The third driver of gender inequality in economic opportunities is what we would typically call discrimination: the differential treatment of women by markets and institutions. When few women are employed in a certain sector, employers may hold biased beliefs about their qualifications. They may be reluctant to hire women because they associate extra costs, such as maternity leave, with female employees, or they may assume that women are not the primary breadwinners and therefore lack motivation. A number of studies that compare the reactions of employers with otherwise identical female and male CVs found substantial evidence of gender discrimination when it comes to recruitment and hiring. Moreover, access to jobs often involves gendered networks: when women are poorly represented in an occupation, they are less likely to become aware of opportunities and may be unable to find mentors. In many countries, gender-specific job advertisements and gender-biased selection criteria and recruitment are still common. In a surprisingly high number of countries in the Women, Business and the Law database, employers are not prohibited from asking job applicants about family status and family planning.

Government institutions can also treat men and women differently, often in ways that play against women’s interests. For example, in 45 percent of countries, women cannot work the same jobs or hours as men. Many former Soviet countries are particularly restrictive. In Russia, there are 100 occupations currently forbidden to women, including steelworker, firefighter and oil-well worker. Other countries require women to get male permission to accept jobs, open bank accounts or operate businesses. In Chile, husbands have the sole right to administer marital property, regardless of whose income or savings was used to purchase the property. In Pakistan, a married woman cannot register a business in the same way as a married man. In Mongolia, many women cannot work at night. In Yemen, a husband can object to a wife’s employment.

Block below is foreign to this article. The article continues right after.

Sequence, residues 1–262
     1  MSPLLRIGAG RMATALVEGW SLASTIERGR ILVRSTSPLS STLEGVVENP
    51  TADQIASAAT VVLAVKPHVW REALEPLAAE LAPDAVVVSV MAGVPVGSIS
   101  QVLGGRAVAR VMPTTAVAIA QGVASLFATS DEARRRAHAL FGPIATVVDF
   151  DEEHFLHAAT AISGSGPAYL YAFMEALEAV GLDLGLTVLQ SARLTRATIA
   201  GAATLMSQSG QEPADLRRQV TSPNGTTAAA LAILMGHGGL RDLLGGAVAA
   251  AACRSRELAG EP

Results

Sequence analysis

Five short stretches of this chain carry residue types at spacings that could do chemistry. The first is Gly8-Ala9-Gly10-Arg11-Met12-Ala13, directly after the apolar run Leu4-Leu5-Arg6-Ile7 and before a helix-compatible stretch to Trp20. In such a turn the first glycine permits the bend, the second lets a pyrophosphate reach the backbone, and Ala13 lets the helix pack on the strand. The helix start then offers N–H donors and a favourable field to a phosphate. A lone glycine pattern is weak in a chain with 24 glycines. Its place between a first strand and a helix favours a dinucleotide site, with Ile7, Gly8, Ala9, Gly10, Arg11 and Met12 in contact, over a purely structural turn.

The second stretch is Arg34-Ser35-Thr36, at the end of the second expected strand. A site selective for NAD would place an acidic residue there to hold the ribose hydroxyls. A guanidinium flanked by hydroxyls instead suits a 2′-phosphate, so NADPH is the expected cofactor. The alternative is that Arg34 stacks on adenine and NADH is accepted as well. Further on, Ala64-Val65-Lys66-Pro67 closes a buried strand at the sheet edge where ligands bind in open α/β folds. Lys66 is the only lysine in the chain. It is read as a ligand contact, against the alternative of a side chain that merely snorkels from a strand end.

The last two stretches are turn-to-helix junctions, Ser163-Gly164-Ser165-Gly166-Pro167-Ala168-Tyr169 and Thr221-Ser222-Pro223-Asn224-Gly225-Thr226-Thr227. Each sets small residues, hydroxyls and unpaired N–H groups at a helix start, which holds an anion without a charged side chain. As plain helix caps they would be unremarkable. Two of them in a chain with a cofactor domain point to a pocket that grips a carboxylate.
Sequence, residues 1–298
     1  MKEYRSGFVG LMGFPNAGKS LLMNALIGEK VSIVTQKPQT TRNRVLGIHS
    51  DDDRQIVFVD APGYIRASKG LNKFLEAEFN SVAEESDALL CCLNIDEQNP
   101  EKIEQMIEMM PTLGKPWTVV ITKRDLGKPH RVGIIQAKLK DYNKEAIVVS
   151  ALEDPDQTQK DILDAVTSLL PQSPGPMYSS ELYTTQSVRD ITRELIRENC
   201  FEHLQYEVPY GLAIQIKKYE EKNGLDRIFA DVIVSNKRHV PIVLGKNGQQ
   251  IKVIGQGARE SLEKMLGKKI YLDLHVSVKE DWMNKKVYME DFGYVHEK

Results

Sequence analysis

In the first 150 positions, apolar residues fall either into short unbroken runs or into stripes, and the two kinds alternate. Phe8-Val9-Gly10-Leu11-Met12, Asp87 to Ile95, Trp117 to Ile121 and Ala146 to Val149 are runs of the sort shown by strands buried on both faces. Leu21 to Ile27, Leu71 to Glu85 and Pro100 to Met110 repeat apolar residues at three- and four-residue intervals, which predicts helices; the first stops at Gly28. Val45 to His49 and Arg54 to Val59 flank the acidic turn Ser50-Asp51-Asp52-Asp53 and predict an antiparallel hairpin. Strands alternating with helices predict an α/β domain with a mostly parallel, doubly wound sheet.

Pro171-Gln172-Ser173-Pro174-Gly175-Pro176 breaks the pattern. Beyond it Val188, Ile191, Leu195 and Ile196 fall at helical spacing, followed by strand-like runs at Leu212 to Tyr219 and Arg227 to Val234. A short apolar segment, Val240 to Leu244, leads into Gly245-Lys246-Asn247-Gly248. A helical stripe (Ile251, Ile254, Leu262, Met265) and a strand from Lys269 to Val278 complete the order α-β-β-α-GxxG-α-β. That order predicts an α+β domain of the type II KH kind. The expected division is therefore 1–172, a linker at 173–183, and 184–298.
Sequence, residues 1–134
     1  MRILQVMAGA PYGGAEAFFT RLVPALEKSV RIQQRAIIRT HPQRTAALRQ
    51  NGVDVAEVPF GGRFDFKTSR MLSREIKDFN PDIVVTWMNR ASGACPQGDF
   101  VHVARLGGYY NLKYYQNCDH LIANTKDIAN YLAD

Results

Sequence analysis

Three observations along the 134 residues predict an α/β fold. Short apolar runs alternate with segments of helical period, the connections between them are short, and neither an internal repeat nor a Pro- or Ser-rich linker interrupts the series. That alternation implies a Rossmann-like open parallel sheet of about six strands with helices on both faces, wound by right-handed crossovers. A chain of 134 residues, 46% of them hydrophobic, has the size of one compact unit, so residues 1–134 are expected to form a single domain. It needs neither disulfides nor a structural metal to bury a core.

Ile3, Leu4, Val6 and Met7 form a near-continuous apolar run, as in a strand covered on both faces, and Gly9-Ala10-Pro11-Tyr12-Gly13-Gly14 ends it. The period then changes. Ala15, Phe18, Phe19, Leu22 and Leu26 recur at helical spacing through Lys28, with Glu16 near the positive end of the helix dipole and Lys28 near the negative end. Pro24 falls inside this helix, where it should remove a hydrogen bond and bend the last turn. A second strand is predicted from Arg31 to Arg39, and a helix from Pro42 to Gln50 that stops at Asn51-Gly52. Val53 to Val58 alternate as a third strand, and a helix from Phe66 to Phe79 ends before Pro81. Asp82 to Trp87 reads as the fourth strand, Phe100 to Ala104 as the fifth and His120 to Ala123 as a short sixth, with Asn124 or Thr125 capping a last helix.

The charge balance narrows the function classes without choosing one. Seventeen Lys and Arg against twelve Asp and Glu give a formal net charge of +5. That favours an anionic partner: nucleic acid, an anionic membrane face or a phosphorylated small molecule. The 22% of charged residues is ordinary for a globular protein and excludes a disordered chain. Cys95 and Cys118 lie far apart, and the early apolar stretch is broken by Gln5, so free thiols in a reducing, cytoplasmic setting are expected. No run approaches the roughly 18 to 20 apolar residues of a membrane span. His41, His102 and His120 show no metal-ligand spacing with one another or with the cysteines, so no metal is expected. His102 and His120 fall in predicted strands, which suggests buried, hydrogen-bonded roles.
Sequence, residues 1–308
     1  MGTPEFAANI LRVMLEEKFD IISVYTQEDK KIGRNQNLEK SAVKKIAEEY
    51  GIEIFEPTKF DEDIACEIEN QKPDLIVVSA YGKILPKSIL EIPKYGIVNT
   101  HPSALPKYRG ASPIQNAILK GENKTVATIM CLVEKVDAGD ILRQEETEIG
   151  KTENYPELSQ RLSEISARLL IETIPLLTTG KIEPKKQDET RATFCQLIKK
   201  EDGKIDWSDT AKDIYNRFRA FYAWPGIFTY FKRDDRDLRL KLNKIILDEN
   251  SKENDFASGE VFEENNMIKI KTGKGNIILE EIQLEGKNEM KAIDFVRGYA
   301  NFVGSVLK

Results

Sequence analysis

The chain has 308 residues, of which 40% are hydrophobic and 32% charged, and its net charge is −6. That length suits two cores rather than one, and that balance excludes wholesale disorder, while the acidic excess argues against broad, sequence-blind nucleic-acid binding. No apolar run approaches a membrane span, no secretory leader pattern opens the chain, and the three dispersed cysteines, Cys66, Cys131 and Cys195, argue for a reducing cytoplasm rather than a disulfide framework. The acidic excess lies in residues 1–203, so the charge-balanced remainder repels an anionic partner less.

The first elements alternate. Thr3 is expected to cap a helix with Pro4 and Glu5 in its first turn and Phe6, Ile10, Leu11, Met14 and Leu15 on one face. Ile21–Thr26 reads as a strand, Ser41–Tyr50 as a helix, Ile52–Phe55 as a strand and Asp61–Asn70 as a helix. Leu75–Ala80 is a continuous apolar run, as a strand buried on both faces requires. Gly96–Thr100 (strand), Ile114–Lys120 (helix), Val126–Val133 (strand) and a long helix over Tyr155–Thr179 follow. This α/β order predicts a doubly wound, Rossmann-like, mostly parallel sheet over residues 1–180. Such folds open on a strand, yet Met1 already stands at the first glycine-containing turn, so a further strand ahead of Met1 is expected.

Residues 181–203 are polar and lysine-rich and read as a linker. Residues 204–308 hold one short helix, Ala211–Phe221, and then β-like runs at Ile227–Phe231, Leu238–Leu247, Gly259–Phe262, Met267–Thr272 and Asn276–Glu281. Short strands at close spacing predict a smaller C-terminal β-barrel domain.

These three sets of differences between men and women—in responsibilities for care and housework, in human capital investments, and in treatment by markets and institutions—not only get in the way of equitable economic opportunities but often do so in ways that reinforce one another. Devoting much more time to care and housework may encourage women to self-select occupations that offer greater flexibility in hours but trap them into lower pay. This is especially true if formal employment options come with restrictions on part-time work, as is the case in many developing countries. Preemptively knowing it will be hard to get a job—and fit in—in a male-dominated field such as engineering or construction may discourage girls and young women from acquiring the education and skills necessary to pursue those opportunities. And repeated experiences of discrimination in job applications and hiring may push women toward informal self-employment or discourage participation in the labor market altogether, which starts the cycle of inequality all over again.

Fine-Tuning the Solutions

Why, if we have been able to clearly identify the roots of the gender gaps in economic empowerment, does change remain so elusive? For starters, the multiplicity of factors requires many actions coordinated toward the same goal. And given that the nature, structure and functioning of markets, institutions and norms vary widely across countries, a one-size-fits-all policy approach is impossible. As we have shown, policies that were successful in one context may face significant resistance in another.